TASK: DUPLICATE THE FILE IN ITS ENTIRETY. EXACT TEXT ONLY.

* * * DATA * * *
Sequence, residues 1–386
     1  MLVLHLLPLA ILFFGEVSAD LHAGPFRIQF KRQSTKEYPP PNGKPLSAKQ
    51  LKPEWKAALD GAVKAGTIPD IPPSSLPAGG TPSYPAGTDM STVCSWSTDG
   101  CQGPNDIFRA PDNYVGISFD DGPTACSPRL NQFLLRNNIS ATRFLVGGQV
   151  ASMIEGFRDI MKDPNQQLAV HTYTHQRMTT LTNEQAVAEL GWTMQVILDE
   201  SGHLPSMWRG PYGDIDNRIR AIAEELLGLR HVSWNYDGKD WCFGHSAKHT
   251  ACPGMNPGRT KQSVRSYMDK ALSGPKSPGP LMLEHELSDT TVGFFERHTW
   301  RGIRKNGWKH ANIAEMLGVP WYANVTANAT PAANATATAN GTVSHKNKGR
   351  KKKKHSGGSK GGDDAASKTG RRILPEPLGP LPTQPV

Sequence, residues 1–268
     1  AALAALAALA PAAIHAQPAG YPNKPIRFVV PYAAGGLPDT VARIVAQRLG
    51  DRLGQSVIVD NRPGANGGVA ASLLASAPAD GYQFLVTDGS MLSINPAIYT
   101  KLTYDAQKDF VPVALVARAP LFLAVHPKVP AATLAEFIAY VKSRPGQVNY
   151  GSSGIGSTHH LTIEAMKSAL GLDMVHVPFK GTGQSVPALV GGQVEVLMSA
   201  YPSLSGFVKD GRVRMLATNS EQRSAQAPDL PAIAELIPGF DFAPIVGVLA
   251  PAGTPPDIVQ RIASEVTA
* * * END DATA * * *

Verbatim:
Sequence, residues 1–386
     1  MLVLHLLPLA ILFFGEVSAD LHAGPFRIQF KRQSTKEYPP PNGKPLSAKQ
    51  LKPEWKAALD GAVKAGTIPD IPPSSLPAGG TPSYPAGTDM STVCSWSTDG
   101  CQGPNDIFRA PDNYVGISFD DGPTACSPRL NQFLLRNNIS ATRFLVGGQV
   151  ASMIEGFRDI MKDPNQQLAV HTYTHQRMTT LTNEQAVAEL GWTMQVILDE
   201  SGHLPSMWRG PYGDIDNRIR AIAEELLGLR HVSWNYDGKD WCFGHSAKHT
   251  ACPGMNPGRT KQSVRSYMDK ALSGPKSPGP LMLEHELSDT TVGFFERHTW
   301  RGIRKNGWKH ANIAEMLGVP WYANVTANAT PAANATATAN GTVSHKNKGR
   351  KKKKHSGGSK GGDDAASKTG RRILPEPLGP LPTQPV

Sequence, residues 1–268
     1  AALAALAALA PAAIHAQPAG YPNKPIRFVV PYAAGGLPDT VARIVAQRLG
    51  DRLGQSVIVD NRPGANGGVA ASLLASAPAD GYQFLVTDGS MLSINPAIYT
   101  KLTYDAQKDF VPVALVARAP LFLAVHPKVP AATLAEFIAY VKSRPGQVNY
   151  GSSGIGSTHH LTIEAMKSAL GLDMVHVPFK GTGQSVPALV GGQVEVLMSA
   201  YPSLSGFVKD GRVRMLATNS EQRSAQAPDL PAIAELIPGF DFAPIVGVLA
   251  PAGTPPDIVQ RIASEVTA